While those previous studies [36, 9, 1214] supporting the importance of harvesting all radioisotope-containing lymph nodes have emphasized this concept from the "more is better" standpoint, conversely they have not emphasized this concept from the "less is worse" standpoint. Although potentially redundant, we propose that one should also emphasize the "less is worse" point of view since there are as yet no formal criteria for defining an adequate evaluation of the axilla during breast cancer surgery. In this regard, this has perpetuated a sense of limited awareness among the general surgery community. This limitation in awareness is clearly reflected within the substantial degree of variation that exists among individual surgeons with regards to their SLN biopsy methodology [16]. Most specifically, we are referring to those surgeons who routinely identify only a single SLN candidate in the vast majority of their breast cancer cases. From the above body of evidence, those particular patients in which only a single negative SLN is intraoperatively obtained are theoretically at greater risk for inadequate assessment for the axilla, and if harboring unrecognized metastatic disease are ultimately at risk for not receiving what would be the most appropriate adjuvant therapy for their actual, but unrecognized, disease stage. So, it is that particular practice of routinely only harvesting a single SLN candidate that raises our intraoperative trepidation. In this particular situation, we strongly advise persistence and diligence with the gamma probe for attempting to identify any additional radioisotope-containing SLN candidates in order to potentially avoid failing to recognize a positive SLN and to assure that the axilla is accurately staged. Additionally, as previously emphasized by others, this recommendation for a meticulous intraoperative search should also include a thorough examination of the axilla for any blue dye-containing lymph nodes and any clinically suspicious palpable lymph nodes [3, 6, 17].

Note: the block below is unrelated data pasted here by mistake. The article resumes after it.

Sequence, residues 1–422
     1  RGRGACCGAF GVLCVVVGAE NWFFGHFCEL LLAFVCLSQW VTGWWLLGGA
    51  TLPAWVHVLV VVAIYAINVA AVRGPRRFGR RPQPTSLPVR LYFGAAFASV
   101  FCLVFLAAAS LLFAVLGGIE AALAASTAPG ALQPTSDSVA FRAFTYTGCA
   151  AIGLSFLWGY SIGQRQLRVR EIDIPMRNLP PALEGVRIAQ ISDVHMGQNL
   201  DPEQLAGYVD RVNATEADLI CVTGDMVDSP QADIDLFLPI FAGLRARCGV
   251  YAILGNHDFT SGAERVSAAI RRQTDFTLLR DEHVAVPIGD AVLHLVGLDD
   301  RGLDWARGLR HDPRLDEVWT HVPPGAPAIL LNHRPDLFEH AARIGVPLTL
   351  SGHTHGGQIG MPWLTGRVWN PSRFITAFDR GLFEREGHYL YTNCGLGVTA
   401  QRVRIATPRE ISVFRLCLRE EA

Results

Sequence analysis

Conclusion

The accurate and optimal assessment of the axilla during breast cancer surgery requires persistence and diligence for attempting to identify all potential SLN candidates in order to avoid failing to recognize a positive SLN. The scenario in which only a single negative SLN candidate is intraoperatively identified is one that should raise some concern to the operating surgeon.

Abbreviations

BMI: 

body mass index

UOQ: 

upper outer quadrant

LOQ: 

lower outer quadrant

UIQ: 

upper inner quadrant

LIQ: 

lower inner quadrant

SLN: 

sentinel lymph node

Declarations

Acknowledgements

The authors are grateful to Johannah Clarke for her efforts in patient recruitment for the original prospective randomized clinical trial [2] from which the data of this current manuscript were obtained.

Authors’ Affiliations

(1)
Section of Surgical Oncology of the Department of Surgery, Arthur G. James Cancer Hospital and Richard J. Solove Research Institute and Comprehensive Cancer Center, The Ohio State University
(2)
Center for Biostatistics, Arthur G. James Cancer Hospital and Richard J. Solove Research Institute and Comprehensive Cancer Center, The Ohio State University

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© Povoski et al; licensee BioMed Central Ltd. 2007

This article is published under license to BioMed Central Ltd. This is an Open Access article distributed under the terms of the Creative Commons Attribution License (http://creativecommons.org/licenses/by/2.0), which permits unrestricted use, distribution, and reproduction in any medium, provided the original work is properly cited.